The look of the 50s and 60s has been stretched to great heights and lovingly created new branches of vintage for all of us to enjoy to this day. When it comes to probably the most flattering styles around, pin up and rockabilly fashion can easily get mixed up to any vintage novice but there’s nothing to fret about! We will show you the distinct differences between each of these styles and some style tips on how to look flawless. Let’s find out a bit of background to these gorgeous vintage styles first.
The Pin Up
Pin up art began in the early 20th century, labelled as “innocent” drawings. During the early 1900s, society began to oppose the fashion repression of previous decades (aren’t we glad they did!). What was then considered “sexy”, these pin up art and illustrations began popping up in magazines. With 1930s illustrators like Alberto Vargas creating playful girl drawings, the illustrations soon adorned walls of garages, shops and bedrooms. These prints were pinned on all sorts of walls, hence the alluring girl drawings named “pin ups”. Interesting, huh?
The pin up phenomenon exploded in the 1940s due to World War II. Drawings of pin up models were printed and sent to soldiers all over the world, with almost every soldier having a couple of pin up posters stuffed into his bag! Pin ups were a reminder to the men of what was waiting for them at home, used as a therapeutic tool to remind them of their loved ones and instilled excitement for their trip home. They also often were said to cheer up the soldiers serving in the war and used as a good luck charm, giving them strength and soon being painted onto airplanes to bring them luck.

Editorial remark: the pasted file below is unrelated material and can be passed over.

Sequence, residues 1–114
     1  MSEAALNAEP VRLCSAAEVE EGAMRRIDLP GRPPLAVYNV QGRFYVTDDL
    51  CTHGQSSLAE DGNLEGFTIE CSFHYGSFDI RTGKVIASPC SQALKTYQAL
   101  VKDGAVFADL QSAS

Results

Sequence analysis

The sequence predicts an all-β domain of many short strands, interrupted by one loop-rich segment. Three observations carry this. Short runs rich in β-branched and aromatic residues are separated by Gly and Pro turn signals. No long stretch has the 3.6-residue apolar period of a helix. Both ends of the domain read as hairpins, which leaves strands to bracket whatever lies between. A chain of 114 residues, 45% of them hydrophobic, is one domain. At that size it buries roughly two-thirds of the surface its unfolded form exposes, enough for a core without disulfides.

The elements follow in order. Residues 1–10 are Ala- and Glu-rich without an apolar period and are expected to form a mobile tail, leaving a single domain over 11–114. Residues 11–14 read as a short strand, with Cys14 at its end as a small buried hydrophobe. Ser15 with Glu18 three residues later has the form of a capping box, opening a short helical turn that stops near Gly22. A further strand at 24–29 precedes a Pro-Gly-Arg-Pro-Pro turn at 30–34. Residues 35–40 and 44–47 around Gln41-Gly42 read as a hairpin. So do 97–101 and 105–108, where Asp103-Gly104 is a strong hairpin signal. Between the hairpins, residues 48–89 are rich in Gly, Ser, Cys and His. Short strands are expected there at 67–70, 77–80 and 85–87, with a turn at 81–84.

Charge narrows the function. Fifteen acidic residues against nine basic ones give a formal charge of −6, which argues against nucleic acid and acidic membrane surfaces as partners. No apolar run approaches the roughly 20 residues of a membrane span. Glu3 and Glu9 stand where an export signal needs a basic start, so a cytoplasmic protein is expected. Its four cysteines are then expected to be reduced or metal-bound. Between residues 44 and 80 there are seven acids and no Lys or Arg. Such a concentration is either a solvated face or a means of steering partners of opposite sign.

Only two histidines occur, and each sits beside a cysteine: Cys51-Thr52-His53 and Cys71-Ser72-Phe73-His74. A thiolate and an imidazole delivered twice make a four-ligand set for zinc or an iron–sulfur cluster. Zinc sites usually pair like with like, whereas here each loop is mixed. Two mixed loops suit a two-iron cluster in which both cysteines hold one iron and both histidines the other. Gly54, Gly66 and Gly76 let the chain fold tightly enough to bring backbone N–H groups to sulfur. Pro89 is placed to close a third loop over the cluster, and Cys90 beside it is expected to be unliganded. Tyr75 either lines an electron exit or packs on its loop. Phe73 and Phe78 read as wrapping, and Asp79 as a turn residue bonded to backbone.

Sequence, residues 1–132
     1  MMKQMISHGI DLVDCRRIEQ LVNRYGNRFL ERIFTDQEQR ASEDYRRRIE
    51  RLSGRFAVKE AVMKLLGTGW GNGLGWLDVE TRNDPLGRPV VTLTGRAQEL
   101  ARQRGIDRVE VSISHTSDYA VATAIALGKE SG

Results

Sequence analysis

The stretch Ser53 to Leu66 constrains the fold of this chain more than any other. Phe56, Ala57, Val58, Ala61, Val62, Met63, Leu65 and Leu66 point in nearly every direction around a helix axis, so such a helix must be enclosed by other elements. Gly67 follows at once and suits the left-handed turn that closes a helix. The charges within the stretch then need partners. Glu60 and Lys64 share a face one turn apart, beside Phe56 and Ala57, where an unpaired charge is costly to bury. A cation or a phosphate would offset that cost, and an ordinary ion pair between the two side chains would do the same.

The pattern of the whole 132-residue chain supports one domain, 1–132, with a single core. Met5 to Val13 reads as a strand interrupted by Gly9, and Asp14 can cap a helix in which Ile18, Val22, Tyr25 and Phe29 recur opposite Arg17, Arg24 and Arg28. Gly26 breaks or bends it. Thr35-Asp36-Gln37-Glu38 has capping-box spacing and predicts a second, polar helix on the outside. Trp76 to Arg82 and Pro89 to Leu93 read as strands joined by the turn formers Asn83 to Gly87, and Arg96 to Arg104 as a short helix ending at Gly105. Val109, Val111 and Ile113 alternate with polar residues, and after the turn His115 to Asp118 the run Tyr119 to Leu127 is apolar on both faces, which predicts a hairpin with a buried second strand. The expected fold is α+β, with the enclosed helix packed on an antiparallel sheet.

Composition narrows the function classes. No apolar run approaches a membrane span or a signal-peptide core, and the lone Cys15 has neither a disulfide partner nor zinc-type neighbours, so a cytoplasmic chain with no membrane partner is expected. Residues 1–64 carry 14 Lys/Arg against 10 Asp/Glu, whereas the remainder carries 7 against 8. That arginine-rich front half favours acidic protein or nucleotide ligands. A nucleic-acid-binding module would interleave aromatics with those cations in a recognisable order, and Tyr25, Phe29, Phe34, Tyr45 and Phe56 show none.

Bettie Grable was one of the most famous pin ups to be admired within World War II. A very popular pin up model, prints were often idealised depictions of Grable and helped illustrate what a “sex symbol” should look like.
Soon taking the form of photography in the 50s, magazines like Playboy featured pin up photos on a regular basis. The infatuation with the pin up spread so rapidly that these once “sexual” images become acceptable in a short amount of time. The sense of fun and innocence that adorned the posters was endearing and can be found still in pin up inspired art today.
Common themes included circle skirts, chiffon headscarves and a bit of cleavage, which was unheard of in the fashion from previous decades. The style of the pin up is truly flattering – skirts emphasised the natural waist, dresses hugged the curves and shirts embraced what, well, was on top! Shoes turned off the traditional and turned on the sexy, with flattering heels and sleek patent finishes. For the first time for many women, these beautiful beings were confident in their own figure and showcased all of what they loved about their body for the world to see.
The rockabilly style all comes down to music. The term ‘rockabilly’ is actually a term coined in originally in music, a combination of ‘rock and roll’ and ‘hillbilly’, but I think you already worked that out! This signified the early combination of rock and country sounds in the West. Made popular by iconic artists like Elvis Presley and Johnny Cash in the 1950s, the post-WWII generation was excited to push the boundaries and experiment with a new wave of edgy fashion to go with their new music choices.